If you’ve ever gotten a free credit report score, you’ve probably wondered exactly what factors influence your overall credit score. Unfortunately, your credit score is a complicated number that is influenced by a variety of factors that differ from one person to the next.
Major credit reporting companies Equifax, Experian, and TransUnion gather data on your credit behaviors. This data includes your payment history, loans, credit cards, limit on credit cards, length of your credit history, and any outstanding loans and balances.
Of course, every single credit file is unique because everyone uses credit differently, and the factors that influence your individual credit score are totally different than what influences another person’s credit score. As a result, everyone has their own unique accounts and histories. Also, certain characteristics of your credit profile are weighted more heavily than others, and this varies among all consumers with credit histories.
Your Credit Score’s Moving Parts
The latest credit scoring model, known as VantageScore 3.0, looks at at least 900 different characteristics of your credit. There are roughly 140 of these characteristics that play a major role in your final score.
Credit score developers have traditionally included an over-simplified pie chart to explain what impacts a person’s credit score. However, the actual characteristic weightings (such as making payments on time or late, or maintaining a high or low balance) typically vary from one individual to the next.
Here’s an example of how this happens: If you had no recently opened credit accounts, your payment history might be weighted more heavily because of the absence of other information. On the other hand, if you recently opened 10 credit accounts, then your payment history might be weighted to a lesser extent because there is other information to inspect.
What Comprises a Good Free Credit Report Score?
Just as the information obtained in order to arrive at your final credit score is quite complicated, and varies from person to person, the definition of a good credit score or bad credit score is also a complicated matter with many moving parts.
Credit Score Range
The FICO score, VantageScore 3.0, and most other credit scores have a range of 301 to 850. For example:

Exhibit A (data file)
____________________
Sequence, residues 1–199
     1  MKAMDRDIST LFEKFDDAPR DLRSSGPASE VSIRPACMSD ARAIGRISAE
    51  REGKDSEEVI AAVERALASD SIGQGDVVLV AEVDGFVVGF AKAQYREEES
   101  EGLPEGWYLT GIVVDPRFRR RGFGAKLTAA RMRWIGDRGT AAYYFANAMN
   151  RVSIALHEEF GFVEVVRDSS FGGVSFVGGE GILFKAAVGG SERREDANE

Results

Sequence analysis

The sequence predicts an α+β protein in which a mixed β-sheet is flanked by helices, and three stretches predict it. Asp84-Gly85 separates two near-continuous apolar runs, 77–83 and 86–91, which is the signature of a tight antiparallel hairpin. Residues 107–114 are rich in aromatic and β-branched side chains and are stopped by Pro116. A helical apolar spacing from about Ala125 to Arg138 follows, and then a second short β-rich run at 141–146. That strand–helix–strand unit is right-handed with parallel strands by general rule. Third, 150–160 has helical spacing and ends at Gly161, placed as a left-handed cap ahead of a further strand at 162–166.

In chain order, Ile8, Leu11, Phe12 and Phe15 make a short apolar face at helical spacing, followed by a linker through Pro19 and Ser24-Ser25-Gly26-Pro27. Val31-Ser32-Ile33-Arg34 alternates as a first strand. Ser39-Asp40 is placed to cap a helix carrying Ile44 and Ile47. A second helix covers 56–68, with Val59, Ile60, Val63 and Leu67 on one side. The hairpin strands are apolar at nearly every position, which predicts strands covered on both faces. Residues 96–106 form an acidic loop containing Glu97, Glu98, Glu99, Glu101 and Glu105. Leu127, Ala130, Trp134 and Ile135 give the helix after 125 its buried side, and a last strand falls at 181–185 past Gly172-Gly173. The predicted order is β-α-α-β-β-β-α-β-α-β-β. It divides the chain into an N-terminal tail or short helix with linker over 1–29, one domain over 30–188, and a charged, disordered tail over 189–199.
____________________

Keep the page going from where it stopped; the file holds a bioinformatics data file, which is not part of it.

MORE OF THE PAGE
- Excellent credit: 750 or higher
- Good credit: 700-749
- Fair credit: 650-699
- Poor credit: 600-649
- Bad credit: 599 or lower
These categories are still not set in stone, however. Lenders have their own categories and definitions of good and bad credit scores. This usually depends on how many borrowers a particular lender is willing to offer credit to. Those looking for a higher number of creditors will accept a lower credit score, and those lenders wanting to offer money to a smaller number of creditors will have higher standards.
What’s Your Score?
If you’ve always paid your bills on time (or not), don’t assume your free credit report score is good (or bad). You must check your credit score to know for sure. You can actually do this for free. By learning your credit score, you can also see what factors are influencing your score. This will ultimately help you improve it.
The Benefits of a Good Credit Score
You can borrow money for a car or house, or open a credit card with a lower interest rate when you have good credit. You’ll save money in the long run by paying less money over time. For example, if you’re buying a house for $300,000 and get a 30 year fixed mortgage, you’ll end up paying $90,000 more for that house over the lifetime of your loan if you have bad credit! (Although it should be noted that people looking for bad credit loans can find specialist companies, so they’re sometimes able to get a better loan than they would have expected with another type of loan company.)
This is why it’s important to establish good credit or improve your credit score. Even if you already have an intuitive feeling about what your credit score is, it’s really important to check it yourself before applying for a loan.
It’s also critical to note that the companies that create the credit score, such as FICO and VantageScore, don’t decide which numbers are good or bad. Lenders and insurance companies are the ones who attach their own meanings to the scores.
When lenders obtain your credit score, they determine what rate they’ll charge you for the loan. Insurance companies use the number to decide whether they want to offer you any kind of discount on your policy. If you have a lower credit score, some lenders may choose to not offer you credit at all because it is too much risk for them.
Remember that there’s no such thing as a bad credit score or good credit score, because the number itself doesn’t mean anything until a lender is deciding how to use the number. A bad credit score is only bad if it prevents you from trying to accomplish something (buying a house, car, or opening a credit card) or causes you to pay more money over time in the form of higher interest.
Just like knowing your blood pressure or body fat percentage, it’s important to know your numbers when it comes to your credit score. Doing so will not only prevent you from the potential embarrassment of, say, being turned down for a store credit card while standing at the checkout counter, but it can also save you a considerable amount of money because you’ll know if you’re more likely to be charged a higher interest rate.
Photo Credit: Match Financial